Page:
3.The present petitioner/tenant opposed the petition tooth and nail by filing written reply. The learned Rent Controller settled as many as 9 issues to resolve the controversy, which are as follows:---
(1)Whether the respondent is rent defaulter from the month of October, 2007 till today and is liable to be evicted? OPA
(2)Whether the respondent has violated the terms and conditions of the lease agreement dated 1-4-2005, if so its effect? OPA
(3)Whether the respondent has changed the construction structure of the demised premises without the permission of the petitioner? OPA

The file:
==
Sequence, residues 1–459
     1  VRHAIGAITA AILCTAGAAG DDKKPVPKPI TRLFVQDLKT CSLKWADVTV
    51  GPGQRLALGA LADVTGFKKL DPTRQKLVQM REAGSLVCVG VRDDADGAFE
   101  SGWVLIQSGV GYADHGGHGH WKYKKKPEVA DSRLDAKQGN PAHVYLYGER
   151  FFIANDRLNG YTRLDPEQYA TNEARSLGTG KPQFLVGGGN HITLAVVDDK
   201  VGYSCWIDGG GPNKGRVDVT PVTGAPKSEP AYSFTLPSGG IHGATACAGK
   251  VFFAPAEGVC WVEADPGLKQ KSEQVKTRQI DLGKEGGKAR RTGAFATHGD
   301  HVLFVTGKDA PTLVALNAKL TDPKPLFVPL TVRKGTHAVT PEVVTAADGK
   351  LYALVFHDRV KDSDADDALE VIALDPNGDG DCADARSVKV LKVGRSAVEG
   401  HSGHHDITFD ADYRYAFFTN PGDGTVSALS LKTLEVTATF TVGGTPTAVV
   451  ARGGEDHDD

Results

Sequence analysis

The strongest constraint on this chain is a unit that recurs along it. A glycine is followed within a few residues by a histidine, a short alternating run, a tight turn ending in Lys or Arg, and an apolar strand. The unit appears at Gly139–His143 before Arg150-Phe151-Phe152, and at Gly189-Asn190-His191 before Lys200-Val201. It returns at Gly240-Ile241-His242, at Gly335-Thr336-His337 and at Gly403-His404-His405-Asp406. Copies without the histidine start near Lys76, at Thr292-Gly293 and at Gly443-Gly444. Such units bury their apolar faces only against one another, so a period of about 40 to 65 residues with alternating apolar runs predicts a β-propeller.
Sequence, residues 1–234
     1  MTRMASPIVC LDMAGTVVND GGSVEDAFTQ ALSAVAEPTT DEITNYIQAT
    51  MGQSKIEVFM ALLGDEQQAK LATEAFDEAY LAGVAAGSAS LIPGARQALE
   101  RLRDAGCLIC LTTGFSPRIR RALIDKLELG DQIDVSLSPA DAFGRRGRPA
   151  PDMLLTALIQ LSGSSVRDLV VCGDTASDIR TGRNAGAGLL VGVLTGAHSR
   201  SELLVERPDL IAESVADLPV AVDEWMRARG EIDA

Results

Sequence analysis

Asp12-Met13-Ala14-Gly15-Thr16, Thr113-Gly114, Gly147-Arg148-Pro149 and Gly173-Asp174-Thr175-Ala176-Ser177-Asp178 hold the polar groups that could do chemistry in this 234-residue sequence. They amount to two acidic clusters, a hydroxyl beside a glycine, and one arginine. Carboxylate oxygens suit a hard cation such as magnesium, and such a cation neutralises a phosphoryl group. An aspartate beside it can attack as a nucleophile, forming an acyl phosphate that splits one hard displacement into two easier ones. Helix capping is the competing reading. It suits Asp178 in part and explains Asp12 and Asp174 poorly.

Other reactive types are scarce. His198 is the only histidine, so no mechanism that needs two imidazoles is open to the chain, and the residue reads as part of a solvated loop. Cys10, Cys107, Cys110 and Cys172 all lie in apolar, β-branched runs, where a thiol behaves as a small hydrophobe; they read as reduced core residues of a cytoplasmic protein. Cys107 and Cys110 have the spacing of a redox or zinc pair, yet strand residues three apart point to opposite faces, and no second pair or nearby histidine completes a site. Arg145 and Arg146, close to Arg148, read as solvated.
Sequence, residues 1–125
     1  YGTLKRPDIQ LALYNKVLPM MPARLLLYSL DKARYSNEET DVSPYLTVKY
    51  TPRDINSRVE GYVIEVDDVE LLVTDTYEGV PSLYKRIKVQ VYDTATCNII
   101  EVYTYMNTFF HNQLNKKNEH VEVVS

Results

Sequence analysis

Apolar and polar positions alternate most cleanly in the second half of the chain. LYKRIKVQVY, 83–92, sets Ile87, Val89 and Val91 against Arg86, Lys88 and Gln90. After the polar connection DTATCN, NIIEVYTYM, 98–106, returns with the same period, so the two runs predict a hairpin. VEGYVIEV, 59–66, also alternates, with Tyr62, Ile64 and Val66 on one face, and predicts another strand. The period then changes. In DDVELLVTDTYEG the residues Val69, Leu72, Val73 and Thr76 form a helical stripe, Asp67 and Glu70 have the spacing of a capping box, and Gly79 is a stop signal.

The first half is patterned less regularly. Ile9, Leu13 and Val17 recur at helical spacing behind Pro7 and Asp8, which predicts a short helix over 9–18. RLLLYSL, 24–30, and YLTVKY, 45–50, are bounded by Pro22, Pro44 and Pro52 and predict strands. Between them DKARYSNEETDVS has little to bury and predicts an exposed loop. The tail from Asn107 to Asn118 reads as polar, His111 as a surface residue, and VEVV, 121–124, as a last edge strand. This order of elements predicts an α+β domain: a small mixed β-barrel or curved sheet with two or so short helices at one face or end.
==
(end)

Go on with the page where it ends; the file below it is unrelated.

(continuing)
(4)Whether the respondent is liable to be ejected from the suit premises on the ground mentioned in the ejectment petition? OPA
(5)Whether the petition has been moved by unauthorized person by making forged signature of the petitioner? OPR
(6)Whether the petition is premature because the period of rent agreement has not been expired? OPR
(7)Whether the petition has been moved with mala fide intention just to blackmail and pressurized the respondent? OPR
(8)Whether the petition is false, frivolous and vexatious and respondent is entitled to special costs? OPR
4.The learned Rent Controller after recording the evidence of both the parties accepted the ejectment petition directing the present petitioner to vacate the demised premises within a period of 30 days. Feeling dissatisfied with the order of learned Rent Controller,Islamabad the present petitioner preferred an appeal, and the learned Additional District Judge, Islamabad after hearing both the parties dismissed the same on 17-2-2009, hence the present constitutional petition.